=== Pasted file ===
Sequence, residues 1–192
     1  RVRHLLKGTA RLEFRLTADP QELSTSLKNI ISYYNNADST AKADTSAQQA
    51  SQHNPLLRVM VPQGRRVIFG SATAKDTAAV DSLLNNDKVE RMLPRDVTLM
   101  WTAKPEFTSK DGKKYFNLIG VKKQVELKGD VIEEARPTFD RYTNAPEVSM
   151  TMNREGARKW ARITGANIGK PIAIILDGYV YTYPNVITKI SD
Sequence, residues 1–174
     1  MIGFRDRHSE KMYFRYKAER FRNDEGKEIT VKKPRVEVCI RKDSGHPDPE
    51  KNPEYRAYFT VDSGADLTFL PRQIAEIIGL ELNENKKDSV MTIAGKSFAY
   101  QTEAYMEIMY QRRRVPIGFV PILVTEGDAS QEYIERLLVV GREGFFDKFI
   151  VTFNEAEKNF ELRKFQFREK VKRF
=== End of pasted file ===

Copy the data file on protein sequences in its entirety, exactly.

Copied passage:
Sequence, residues 1–192
     1  RVRHLLKGTA RLEFRLTADP QELSTSLKNI ISYYNNADST AKADTSAQQA
    51  SQHNPLLRVM VPQGRRVIFG SATAKDTAAV DSLLNNDKVE RMLPRDVTLM
   101  WTAKPEFTSK DGKKYFNLIG VKKQVELKGD VIEEARPTFD RYTNAPEVSM
   151  TMNREGARKW ARITGANIGK PIAIILDGYV YTYPNVITKI SD
Sequence, residues 1–174
     1  MIGFRDRHSE KMYFRYKAER FRNDEGKEIT VKKPRVEVCI RKDSGHPDPE
    51  KNPEYRAYFT VDSGADLTFL PRQIAEIIGL ELNENKKDSV MTIAGKSFAY
   101  QTEAYMEIMY QRRRVPIGFV PILVTEGDAS QEYIERLLVV GREGFFDKFI
   151  VTFNEAEKNF ELRKFQFREK VKRF